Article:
SPEAK Trust conducts a study on the Implementation of Universal Health Coverage (UHC) in Pakistan

Pakistan has been implementing Primary Healthcare since 1978 following the Alma Ata Declaration. But to date, 50 percent of the population does not have access to primary healthcare. Pakistan has been an International Heath Partnerships and related Initiatives (IHP+) signatory since 2010.

Pakistan has been implementing Primary Healthcare since 1978 following the Alma Ata Declaration. But to date, 50 percent of the population does not have access to primary healthcare. Pakistan has been an International Heath Partnerships and related Initiatives (IHP+) signatory since 2010.

With the introduction of sustainable development goals, IHP+ became Universal Health Coverage 2030 (UHC2030). In 2012, The United Nations urged all the countries to accelerate their efforts to achieve UHC. Pakistan signed UHC2030 in 2018. However, Pakistan has not assessed the implementation of the UHC2030 since then.

This research is conducted by SPEAK Trust, which is a member of the Centre for Action Research on AIDS and Mobility (CARAM Asia) in Pakistan. CARAM Asia works on AIDS-related issues of mobile populations. It spans 20 Asian countries with 42 members, actively conducting and utilizing action research to improve advocacy programming. This research highlights the implementation level of UHC in Pakistan and the inclusion of migrants in Pakistan’s UHC commitments. Due to its qualitative nature, the study dives deep into the need for, and hurdles in achieving UHC in Pakistan.

Through extensive study of available literature and primary data, it has been found that there is a lack of understanding of UHC. Every province has developed its own definition which is not comprehensive while the domain of UHC is much extended.

Secondly, there is no legislation in place at the national level. Pakistan is implementing PHC as UHC. To streamline UHC, legislation at the federal level is the need of the hour. Additionally, there is no roadmap to gauge the progress of UHC and Pakistan is using SDG indicator 3.8.1 to monitor its progress.

Another bottleneck is the lack of inter-sectoral policies and interventions. More than half of the burden of disease in Pakistan can be tackled through inter-sectoral coordination, but our health sector lacks the will to work in a coordinated manner.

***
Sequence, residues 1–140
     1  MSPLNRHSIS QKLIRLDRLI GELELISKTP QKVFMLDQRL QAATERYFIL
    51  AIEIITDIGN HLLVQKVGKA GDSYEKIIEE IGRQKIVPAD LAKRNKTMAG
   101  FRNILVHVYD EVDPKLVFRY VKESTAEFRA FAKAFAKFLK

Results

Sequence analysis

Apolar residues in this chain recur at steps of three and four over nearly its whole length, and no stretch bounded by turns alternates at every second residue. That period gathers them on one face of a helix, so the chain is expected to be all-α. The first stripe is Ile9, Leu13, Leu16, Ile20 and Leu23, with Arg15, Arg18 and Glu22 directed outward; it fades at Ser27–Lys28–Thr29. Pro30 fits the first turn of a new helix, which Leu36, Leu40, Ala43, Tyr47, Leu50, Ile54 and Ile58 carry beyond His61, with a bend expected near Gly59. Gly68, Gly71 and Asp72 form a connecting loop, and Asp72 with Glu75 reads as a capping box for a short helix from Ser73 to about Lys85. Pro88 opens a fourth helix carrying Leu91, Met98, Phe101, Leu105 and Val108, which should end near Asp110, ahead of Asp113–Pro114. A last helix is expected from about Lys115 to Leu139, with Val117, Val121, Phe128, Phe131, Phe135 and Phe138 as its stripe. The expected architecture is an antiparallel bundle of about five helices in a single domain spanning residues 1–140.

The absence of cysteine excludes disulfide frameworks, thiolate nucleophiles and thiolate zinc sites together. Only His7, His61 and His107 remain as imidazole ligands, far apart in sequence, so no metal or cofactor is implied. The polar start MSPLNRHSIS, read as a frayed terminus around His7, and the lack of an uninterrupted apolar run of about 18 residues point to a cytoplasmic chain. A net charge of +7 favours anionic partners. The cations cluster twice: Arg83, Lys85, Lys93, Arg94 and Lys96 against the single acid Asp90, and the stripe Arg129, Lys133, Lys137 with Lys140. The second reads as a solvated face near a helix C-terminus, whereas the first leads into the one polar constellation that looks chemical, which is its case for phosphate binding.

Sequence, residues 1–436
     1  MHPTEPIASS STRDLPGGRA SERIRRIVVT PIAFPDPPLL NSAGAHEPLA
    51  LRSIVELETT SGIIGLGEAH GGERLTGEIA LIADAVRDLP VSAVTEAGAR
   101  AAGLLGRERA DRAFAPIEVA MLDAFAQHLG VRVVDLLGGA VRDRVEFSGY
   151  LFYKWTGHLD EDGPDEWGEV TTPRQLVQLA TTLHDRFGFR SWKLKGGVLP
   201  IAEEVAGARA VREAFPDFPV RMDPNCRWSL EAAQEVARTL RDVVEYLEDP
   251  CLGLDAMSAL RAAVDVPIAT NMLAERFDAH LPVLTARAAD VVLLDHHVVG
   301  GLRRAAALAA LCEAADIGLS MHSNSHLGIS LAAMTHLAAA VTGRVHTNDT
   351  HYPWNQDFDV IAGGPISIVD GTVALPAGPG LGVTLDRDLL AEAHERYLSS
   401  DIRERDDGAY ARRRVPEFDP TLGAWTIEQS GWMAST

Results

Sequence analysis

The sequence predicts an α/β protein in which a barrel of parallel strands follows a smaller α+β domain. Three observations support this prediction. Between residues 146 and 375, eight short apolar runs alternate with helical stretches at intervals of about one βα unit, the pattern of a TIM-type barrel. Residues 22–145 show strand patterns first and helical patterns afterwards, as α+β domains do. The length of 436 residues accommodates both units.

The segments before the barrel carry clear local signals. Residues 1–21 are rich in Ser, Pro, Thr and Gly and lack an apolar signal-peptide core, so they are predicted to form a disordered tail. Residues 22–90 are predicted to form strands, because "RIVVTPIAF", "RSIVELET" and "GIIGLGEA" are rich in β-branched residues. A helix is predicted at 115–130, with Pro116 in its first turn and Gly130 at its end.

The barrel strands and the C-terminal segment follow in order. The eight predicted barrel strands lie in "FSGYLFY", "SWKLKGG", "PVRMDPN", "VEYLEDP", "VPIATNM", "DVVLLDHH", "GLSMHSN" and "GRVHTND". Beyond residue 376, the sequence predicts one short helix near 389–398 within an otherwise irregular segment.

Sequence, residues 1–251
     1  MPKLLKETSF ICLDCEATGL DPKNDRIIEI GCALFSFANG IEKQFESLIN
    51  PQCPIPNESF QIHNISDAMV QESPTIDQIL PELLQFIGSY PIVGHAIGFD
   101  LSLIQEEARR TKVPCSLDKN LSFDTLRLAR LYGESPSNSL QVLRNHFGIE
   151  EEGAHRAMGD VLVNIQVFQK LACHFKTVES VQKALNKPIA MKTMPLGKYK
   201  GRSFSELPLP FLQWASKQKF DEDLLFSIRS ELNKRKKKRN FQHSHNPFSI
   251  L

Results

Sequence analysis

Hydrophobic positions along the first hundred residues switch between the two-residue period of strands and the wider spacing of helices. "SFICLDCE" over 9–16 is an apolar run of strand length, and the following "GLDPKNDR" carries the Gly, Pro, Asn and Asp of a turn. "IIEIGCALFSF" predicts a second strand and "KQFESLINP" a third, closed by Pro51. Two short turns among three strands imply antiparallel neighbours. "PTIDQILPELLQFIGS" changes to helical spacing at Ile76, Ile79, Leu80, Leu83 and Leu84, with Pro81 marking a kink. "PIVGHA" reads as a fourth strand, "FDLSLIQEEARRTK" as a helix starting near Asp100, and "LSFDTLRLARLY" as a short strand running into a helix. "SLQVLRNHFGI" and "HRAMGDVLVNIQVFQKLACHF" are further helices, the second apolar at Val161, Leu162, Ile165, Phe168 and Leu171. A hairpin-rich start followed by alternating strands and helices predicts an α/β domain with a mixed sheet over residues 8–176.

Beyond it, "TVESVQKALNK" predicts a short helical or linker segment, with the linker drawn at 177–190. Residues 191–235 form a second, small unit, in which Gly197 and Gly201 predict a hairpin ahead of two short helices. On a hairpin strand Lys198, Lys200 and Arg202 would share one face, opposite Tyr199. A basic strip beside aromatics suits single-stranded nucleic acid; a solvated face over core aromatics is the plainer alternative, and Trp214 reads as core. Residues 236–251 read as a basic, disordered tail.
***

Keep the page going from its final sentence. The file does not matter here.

The results also indicate that the budget allocation for UHC is insufficient. There is no budget allocation specifically meant for Pakistani emigrant laborers. Pakistan has “left out” overseas Pakistani emigrants from its health initiatives.

It is hoped that the findings of this study will facilitate the government and other shareholders to design interventions, strengthen inclusion and improve financing around UHC for migrant workers.

There is a dire need to create one single definition of UHC. As there is no consensus on the UHC definition, it creates problems in effective planning, implementation, and monitoring. In addition, the findings may also catalyze international government-level collaboration and action by international organizations for the recognition of migrants as a vulnerable group that desperately needs UHC coverage and social protection schemes. Out of 17 SDGs, 11 have indicators for migrant workers. However, the implementation of these indicators is limited.

This research will be utilized actively by CARAM Asia members and other related stakeholders to advocate for the inclusion of migrants in the key UHC advancements. It will impact the Asian continent which is the leading exporter of migrant workers, while Pakistan itself is the 2nd biggest exporter of migrant workers in the region with approximately 11 million international labor emigrants and 1.4 million refugees.

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